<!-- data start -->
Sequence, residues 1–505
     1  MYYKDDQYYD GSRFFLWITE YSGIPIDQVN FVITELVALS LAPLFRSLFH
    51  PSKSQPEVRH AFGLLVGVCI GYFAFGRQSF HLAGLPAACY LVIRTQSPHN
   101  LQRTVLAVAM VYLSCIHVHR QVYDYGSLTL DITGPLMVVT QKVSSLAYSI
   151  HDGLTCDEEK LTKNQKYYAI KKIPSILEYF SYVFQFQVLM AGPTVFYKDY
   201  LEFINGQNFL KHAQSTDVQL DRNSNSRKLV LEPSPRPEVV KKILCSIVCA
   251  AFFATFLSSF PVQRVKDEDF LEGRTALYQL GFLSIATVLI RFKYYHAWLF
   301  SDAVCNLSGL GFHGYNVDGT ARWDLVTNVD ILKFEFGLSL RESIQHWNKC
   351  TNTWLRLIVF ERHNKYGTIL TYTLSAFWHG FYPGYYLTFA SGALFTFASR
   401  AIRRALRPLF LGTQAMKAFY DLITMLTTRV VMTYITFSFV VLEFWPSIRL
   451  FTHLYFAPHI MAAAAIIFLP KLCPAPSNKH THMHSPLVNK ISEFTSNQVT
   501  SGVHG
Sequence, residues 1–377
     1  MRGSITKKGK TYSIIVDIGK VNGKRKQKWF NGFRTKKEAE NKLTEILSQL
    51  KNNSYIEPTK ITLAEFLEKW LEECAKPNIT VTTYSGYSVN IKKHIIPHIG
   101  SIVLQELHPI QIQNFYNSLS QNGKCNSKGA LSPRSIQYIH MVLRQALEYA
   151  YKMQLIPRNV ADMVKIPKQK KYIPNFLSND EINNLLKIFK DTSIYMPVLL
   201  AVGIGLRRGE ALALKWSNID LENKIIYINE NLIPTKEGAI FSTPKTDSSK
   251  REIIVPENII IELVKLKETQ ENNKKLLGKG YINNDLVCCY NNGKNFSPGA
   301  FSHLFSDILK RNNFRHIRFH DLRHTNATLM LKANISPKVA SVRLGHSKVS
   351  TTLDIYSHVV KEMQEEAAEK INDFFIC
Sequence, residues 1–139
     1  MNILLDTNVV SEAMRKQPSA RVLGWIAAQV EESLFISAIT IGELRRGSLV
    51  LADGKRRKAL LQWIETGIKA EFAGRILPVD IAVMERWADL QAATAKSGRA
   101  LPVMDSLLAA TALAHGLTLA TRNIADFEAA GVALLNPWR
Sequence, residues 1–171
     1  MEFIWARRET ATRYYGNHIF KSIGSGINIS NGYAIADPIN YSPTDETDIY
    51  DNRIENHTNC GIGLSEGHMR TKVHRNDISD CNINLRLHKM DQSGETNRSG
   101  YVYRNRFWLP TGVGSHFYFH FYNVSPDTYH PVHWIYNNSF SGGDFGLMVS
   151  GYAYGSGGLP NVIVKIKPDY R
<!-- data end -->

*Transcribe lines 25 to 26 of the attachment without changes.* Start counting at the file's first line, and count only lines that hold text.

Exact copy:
   101  LPVMDSLLAA TALAHGLTLA TRNIADFEAA GVALLNPWR
Sequence, residues 1–171